So for most images I place my shadows on Zone III and don't bother metering highlights. For night images where the shadows are too dark to meter, I place an important highlight on Zone VII or VIII, and let the shadows take care of themselves, which seems to work pretty well for me most of the time.
05-20-2008, 04:28 PM
ZS and roll film...
I think it was Bruce Barnbaum that suggested to a workshop that if one has an image that one realizes is outstanding, but needs a different development than one usually gives a roll, that one should not finish the roll and develop that roll for the time required. Film is relatively cheap -- actually probably the cheapest part of photography, and why let the worry of saving a few bucks keep one from getting an image that might make the whole day/trip worthwhile?
05-20-2008, 09:01 PM
Mike-given that you are based in the UK-a country not known for number of days with high subject brightness ranges-your approach will give a decent negative much of the time as with the highlights placed at 7/8 your shadows will be in the range of 3. With subjects where the range is high you will lose shadow detail that is not recoverable. You may be better off just exposing for the subject "average" (either with a general reading with a meter or metering off of a mid-gray part of the scene-grass or a tarmac road is often a good "close to zone 5" surrogate.
Only if you can develop individually (rolls/backs or sheets) can you fully utilize the zone system where you start with shadows then adjust development time to place highlights in the appropriate place.
good luck in Plymouth (from a fellow Brit with a Cornish mother that now lives in the US)
05-22-2008, 06:50 AM
Back on my soapbox in defense of Mike's method again :-)
Yes, the most accurate way of dealing with film is to place important shadow detail where you want it and develop for the proper contrast so that the highlights fall in an easily printable negative density. I use sheet film exclusively and this is what I always do.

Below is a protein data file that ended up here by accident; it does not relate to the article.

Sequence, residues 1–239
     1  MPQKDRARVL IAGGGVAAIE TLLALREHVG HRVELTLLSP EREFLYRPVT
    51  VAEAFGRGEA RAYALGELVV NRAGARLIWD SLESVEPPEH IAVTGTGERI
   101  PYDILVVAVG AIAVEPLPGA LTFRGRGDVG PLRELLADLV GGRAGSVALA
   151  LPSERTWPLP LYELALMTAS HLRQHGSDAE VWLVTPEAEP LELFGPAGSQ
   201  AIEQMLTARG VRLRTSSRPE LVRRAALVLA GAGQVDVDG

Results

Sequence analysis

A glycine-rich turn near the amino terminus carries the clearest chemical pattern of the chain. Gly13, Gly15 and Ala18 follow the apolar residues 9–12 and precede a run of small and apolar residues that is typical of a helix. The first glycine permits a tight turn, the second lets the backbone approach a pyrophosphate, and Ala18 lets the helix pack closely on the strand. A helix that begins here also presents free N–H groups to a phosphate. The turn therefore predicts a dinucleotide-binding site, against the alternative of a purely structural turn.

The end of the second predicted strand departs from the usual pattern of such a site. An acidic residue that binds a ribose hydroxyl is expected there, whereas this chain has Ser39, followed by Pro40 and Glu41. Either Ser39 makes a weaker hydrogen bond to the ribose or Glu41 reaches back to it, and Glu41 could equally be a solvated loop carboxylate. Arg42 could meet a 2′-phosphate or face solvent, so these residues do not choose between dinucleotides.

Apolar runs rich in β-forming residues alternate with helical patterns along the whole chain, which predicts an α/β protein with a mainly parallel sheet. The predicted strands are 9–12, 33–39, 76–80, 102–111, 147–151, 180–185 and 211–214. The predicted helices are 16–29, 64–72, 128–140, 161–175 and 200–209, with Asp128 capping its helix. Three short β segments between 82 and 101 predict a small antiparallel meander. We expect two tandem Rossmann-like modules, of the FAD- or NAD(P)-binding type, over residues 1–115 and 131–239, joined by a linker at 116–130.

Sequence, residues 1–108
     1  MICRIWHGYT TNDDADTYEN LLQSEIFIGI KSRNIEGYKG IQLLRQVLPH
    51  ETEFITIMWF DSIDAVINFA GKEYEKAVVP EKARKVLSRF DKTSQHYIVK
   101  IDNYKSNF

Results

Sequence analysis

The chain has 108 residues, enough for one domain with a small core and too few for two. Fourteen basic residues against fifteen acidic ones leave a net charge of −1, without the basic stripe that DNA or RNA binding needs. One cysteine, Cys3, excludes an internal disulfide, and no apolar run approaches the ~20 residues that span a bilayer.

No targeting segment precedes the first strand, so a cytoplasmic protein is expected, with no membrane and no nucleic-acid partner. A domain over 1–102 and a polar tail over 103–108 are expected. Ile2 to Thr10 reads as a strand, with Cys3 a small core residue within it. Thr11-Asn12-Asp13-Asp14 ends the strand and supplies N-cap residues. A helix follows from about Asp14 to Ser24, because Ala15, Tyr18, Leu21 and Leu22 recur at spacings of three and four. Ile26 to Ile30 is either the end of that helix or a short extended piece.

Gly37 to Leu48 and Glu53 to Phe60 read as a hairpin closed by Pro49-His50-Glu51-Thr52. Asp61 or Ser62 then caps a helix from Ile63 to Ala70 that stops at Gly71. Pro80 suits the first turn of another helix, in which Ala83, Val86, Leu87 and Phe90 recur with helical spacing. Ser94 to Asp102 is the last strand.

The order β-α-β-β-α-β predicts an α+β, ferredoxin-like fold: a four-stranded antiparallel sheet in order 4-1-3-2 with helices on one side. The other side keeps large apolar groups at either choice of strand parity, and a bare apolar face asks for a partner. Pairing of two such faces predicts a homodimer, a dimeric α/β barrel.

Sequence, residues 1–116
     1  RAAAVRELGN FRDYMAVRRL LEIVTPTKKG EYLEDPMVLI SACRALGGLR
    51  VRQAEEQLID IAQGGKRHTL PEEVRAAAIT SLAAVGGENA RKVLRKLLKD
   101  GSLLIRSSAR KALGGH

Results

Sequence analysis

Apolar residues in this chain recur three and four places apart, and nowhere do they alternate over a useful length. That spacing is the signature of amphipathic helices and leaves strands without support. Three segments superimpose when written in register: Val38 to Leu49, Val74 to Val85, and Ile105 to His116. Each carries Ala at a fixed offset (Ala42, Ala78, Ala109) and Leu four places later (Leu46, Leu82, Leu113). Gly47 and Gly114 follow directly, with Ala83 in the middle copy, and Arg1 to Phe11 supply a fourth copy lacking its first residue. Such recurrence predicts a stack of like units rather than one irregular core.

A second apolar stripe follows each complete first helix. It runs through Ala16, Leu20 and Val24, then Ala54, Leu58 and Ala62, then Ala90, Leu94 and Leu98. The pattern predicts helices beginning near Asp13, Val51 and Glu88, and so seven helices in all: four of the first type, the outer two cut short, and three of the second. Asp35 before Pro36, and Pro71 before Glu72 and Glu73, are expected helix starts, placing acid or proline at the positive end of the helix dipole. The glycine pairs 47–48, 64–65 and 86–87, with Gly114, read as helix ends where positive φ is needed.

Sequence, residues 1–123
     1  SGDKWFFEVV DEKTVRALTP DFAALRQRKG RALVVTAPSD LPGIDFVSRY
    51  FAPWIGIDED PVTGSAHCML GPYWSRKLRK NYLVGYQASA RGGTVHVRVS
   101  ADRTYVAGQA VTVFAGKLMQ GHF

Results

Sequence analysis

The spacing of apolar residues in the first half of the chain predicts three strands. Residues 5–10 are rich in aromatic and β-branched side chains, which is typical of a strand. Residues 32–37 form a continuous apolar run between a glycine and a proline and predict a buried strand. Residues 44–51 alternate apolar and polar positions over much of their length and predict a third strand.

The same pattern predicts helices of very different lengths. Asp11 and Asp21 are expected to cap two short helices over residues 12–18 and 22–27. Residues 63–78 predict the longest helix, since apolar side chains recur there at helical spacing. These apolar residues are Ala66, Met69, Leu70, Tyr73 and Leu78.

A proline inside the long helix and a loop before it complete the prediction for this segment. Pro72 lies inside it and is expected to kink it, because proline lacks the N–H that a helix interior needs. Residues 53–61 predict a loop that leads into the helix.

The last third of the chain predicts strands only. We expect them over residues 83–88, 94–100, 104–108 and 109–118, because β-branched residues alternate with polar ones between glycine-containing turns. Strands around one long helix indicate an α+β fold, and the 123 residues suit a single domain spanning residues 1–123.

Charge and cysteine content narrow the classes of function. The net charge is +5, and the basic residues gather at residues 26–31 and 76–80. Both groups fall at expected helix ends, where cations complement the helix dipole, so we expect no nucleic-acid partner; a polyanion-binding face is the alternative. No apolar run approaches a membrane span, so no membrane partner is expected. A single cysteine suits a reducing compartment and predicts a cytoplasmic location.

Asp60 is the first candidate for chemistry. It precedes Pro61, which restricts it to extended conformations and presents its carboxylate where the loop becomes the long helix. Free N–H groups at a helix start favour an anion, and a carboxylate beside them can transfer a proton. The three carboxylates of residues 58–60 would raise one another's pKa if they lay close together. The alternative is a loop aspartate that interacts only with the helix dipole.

However, there is sound reasoning behind exposing for the highlights and letting the shadows go in the case of roll film, where many negatives with different subject brightness ranges recorded on them are being developed for the same time. But, one critical compensation is necessary. Here is my entire case:
Let us look at three scenarios, a low-contrast scene, a "normal"-contrast scene and a high-contrast scene. Assume all of these are on the same roll of film, and will be developed in the same way, i.e. "normal" (I'll talk about what "normal" should be for roll film later). We also assume that the differences in contrast will be compensated for in printing by using different contrast printing papers instead of different development times for each scene as is possible with sheet film.
First, lets take the case of a low contrast scene that has only a three Zone subject brightness range (SBR). (This corresponds to N+2 in classic Zone-System terminology.) Metering and exposing for the shadows places the majority of the values low on the film's characteristic curve, reducing separation overall, and especially in the shadows (if you place the shadow on Zone III, then the "highlights" fall on Zone VI). When developed normally (our only available development), such a negative is thin and has little contrast. If one places the highlights in Zone VIII in such a case, the majority (or all) of the values fall on the straight-line portion of the negative (between Zones V and VIII), and have the maximum amount of separation possible. The only downside to this is that the negatives, being a bit more dense, will exhibit slightly more grain. This is a small trade-off for the increase in tonal separation and printability of the negative. A negative like this will still have to be printed on higher than normal contrast paper, but one has maximized the separation on the negative for the development given.
Now the normal situation. In this case, we have a 5-Zone separation between important shadow and highlight values; this is the scenario that the system should be calibrated to, and placing the highlight in Zone VIII allows the shadows to "fall" on Zone III where they should be. Notice that in this case, placing either the shadows or the highlights results in exactly the same negative.
Now for the high-contrast scene. Assume we have a 7-Zone spread (this is N-2 for us Zone System users, and a rather extreme situation). If we place the highlights on Zone VIII, the important shadow value falls on Zone I. This is where we lose the shadow detail.
BUT, and this is important, if we overexpose the film by two stops, then we have the shadows on Zone III, where they should be, and the highlights on Zone X, where they shouldn't be. However, we do have all the information on the negative and have not lost shadow detail. In this case, we rely on a low-contrast printing paper to take up the slack for the unwanted two-Zone expansion. We are relying here on the latitued of most modern films to retain separation in "overexposed" highlights. Some films are better at this than others, so film choice is a factor in optimizing this system. (My Tri-X retains highlight separation up to Zone XII.)